(CNSNews.com) - Speaking at the opening session of the 2015 Paris Climate Conference, President Barack Obama called on the nations of the world to unite in fighting climate change to create: “A world that is worthy of our children.”
A website affiliated with the United Nations Environment Programme says the conference is aimed at “a legally binding” global climate agreement.
“In 2015 COP21, also known as the 2015 Paris Climate Conference, will, for the first time in over 20 years of UN negotiations, aim to achieve a legally binding and universal agreement on climate, with the aim of keeping global warming below 2°C,” it says.
“And let there be no doubt, the next generation is watching what we do,” Obama said at the conference’s opening session.
Here is an excerpt from Obama address, which is available in full at the White House website:
Here, in Paris, we can show the world what is possible when we come together, united in common effort and by a common purpose.
And let there be no doubt, the next generation is watching what we do. Just over a week ago, I was in Malaysia, where I held a town hall with young people, and the first question I received was from a young Indonesian woman. And it wasn’t about terrorism, it wasn’t about the economy, it wasn’t about human rights. It was about climate change. And she asked whether I was optimistic about what we can achieve here in Paris, and what young people like her could do to help.
I want our actions to show her that we’re listening. I want our actions to be big enough to draw on the talents of all our people -- men and women, rich and poor -- I want to show her passionate, idealistic young generation that we care about their future.
For I believe, in the words of Dr. Martin Luther King, Jr., that there is such a thing as being too late. And when it comes to climate change, that hour is almost upon us. But if we act here, if we act now, if we place our own short-term interests behind the air that our young people will breathe, and the food that they will eat, and the water that they will drink, and the hopes and dreams that sustain their lives, then we won't be too late for them.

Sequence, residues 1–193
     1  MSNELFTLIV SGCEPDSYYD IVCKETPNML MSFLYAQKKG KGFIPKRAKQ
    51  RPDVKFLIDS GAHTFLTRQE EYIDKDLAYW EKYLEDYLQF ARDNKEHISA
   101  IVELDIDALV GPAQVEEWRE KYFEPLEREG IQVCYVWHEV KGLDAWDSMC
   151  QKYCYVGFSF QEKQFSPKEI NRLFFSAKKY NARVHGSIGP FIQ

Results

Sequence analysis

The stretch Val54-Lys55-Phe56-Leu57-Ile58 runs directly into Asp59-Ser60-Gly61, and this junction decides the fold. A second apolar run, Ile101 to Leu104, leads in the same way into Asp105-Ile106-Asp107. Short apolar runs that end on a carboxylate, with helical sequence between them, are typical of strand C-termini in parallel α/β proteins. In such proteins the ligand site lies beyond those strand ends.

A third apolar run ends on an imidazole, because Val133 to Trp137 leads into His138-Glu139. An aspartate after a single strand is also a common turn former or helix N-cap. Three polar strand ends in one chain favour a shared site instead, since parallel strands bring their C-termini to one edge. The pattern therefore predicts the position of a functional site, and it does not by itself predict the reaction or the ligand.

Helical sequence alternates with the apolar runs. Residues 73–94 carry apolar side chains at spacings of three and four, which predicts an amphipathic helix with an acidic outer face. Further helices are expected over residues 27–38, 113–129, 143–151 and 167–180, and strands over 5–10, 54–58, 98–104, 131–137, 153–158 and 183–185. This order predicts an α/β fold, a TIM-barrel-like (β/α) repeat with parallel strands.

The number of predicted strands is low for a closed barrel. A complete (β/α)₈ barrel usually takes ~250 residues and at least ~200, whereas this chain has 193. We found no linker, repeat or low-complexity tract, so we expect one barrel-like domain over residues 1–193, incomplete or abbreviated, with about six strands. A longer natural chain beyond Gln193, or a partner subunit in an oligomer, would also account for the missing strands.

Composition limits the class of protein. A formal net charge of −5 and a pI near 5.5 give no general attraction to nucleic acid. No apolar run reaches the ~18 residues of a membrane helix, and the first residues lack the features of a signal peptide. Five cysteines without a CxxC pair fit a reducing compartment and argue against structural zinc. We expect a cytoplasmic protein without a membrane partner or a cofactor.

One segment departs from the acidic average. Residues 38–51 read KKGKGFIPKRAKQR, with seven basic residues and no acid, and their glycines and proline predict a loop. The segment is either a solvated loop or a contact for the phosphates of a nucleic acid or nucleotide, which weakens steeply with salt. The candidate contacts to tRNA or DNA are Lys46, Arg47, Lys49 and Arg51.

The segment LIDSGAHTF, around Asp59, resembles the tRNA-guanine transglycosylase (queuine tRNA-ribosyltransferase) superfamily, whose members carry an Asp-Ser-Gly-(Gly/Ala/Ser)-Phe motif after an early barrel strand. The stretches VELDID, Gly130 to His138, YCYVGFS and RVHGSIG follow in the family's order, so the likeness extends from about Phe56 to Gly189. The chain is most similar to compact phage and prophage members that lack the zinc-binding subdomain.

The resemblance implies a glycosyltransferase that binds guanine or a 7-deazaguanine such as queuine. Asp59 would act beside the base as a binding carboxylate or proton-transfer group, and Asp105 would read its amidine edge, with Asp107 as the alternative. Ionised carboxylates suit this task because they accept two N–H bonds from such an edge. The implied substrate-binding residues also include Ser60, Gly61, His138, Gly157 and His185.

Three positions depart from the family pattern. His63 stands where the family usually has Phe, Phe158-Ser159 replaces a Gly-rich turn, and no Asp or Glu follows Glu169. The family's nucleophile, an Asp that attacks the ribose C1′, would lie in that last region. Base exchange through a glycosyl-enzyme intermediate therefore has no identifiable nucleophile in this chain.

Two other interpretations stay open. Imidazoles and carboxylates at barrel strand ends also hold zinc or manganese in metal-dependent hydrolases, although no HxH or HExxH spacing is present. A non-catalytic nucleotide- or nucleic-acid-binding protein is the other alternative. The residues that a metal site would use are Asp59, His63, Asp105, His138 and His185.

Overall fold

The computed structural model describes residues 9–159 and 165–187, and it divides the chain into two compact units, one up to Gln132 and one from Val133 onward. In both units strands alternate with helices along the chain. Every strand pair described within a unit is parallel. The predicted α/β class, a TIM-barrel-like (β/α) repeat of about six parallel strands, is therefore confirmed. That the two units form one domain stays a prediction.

And, my fellow leaders, accepting this challenge will not reward us with moments of victory that are clear or quick. Our progress will be measured differently -- in the suffering that is averted, and a planet that's preserved. And that’s what’s always made this so hard. Our generation may not even live to see the full realization of what we do here. But the knowledge that the next generation will be better off for what we do here -- can we imagine a more worthy reward than that? Passing that on to our children and our grandchildren, so that when they look back and they see what we did here in Paris, they can take pride in our achievement.
Let that be the common purpose here in Paris. A world that is worthy of our children. A world that is marked not by conflict, but by cooperation; and not by human suffering, but by human progress. A world that’s safer, and more prosperous, and more secure, and more free than the one that we inherited.
Let’s get to work. Thank you very much.